Moreover, the Legislature has twice amended the language requiring a finding of detriment in subdivision (a)(7) since its enactment in 1973. It was originally required that this element be shown beyond a reasonable doubt. (Stats.1973, ch. 686, § 1, p. 1244.) Later, the statute was changed to require a showing of detriment only by clear and convincing evidence (Stats.1976, ch. 940, § 2, p. 2153.) Most recently, the clear and convincing evidence language was removed. (Stats.1983, ch. 309, § 2, p. 1717.) Given this repeated legislative attention to the detriment requirement of section 232, subdivisions (a)(7) and (a)(8), it cannot be concluded that the Legislature had already, years before, intended the detriment language of section 4600 to govern all termination proceedings. For, if section 4600 applied to all termination subdivisions of section 232 when it was enacted in 1969, it likewise applied when section 232 was amended to add subdivision (a)(7) in 1973; it also applied in 1976 and also in 1983 when these subdivisions were amended; and it applied in 1984 when subdivision (a)(8) was added. And if it applied in 1969, then the Legislature was engaging in idle acts in 1973, 1976, 1983 and 1984.
Keeping in mind the presumption that the Legislature has in mind existing laws when it passes a statute (Bailey v. Superior Court (1977) 19 Cal.3d 970, 977, fn. 10, 140 Cal.Rptr. 669, 568 P.2d 394) and that every word, phrase and provision employed in the statute is intended to have meaning (Johnson v. Santos (1983) 148 Cal.App.3d 566, 573, 196 Cal.Rptr. 145), it is clear that the Legislature would have had no reason to add this language to subdivisions (a)(7) or (a)(8) if it had intended section 4600 to control all actions under section 232.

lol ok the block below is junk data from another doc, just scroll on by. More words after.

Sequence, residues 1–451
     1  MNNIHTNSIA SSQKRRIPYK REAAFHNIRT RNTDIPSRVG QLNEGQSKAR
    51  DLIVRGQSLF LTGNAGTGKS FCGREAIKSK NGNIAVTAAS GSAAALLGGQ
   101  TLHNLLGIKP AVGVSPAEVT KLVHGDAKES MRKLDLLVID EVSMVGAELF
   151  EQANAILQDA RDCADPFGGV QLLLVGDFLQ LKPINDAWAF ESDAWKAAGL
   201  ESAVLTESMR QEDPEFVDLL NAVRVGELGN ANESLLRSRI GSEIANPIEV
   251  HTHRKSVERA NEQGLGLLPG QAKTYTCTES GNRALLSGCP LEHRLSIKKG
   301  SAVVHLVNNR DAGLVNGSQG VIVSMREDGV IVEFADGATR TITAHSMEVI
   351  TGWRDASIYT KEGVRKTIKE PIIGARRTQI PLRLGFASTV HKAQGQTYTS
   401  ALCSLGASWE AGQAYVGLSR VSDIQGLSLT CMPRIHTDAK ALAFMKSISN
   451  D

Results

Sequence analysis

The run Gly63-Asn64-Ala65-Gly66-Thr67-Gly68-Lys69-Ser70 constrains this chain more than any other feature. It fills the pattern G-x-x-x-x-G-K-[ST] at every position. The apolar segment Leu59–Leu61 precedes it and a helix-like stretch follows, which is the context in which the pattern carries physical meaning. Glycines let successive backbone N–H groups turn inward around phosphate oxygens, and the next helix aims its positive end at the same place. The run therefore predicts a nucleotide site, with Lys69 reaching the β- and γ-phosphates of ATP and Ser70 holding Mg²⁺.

The conclusion that the Legislature did not intend the detriment requirement of section 4600 to have any application to termination proceedings is further buttressed by an independent examination of section 232. Termination of parental rights may be adjudged on grounds of (1) child abandonment, (2) child neglect, (3) parent moral depravity, (4) parent conviction of felony, (5) parent mental illness, (6) parent mental disability, (7) child being in juvenile court ordered out-of-home placement for more than one year, and (8) child severely abused. Detriment is specifically mentioned only in the latter two situations. Applying the cardinal rule of statutory interpretation, inclusio unius est exclusio alterius, the only rational conclusion is that legislative inclusion of a detriment requirement for subdivisions (a)(7) and (a)(8) without such specific inclusion in subdivisions (a)(1) through (a)(6) is a legislative exclusion of such requirement for the latter notwithstanding the enactment of section 4600 elsewhere in the code.
Judicial inclusion by our Supreme Court of the detriment requirement in subdivisions (a)(2) (neglect) and (a)(6) (parent mental illness), In re Carmaleta B., supra, and in subdivision (a)(4) (parent conviction of felony) In re Richard E., supra, is supported by citation to In re B.G. (1974) 11 Cal.3d 679, 114 Cal.Rptr. 444, 523 P.2d 244 without even the slightest analysis of the question of legislative intent.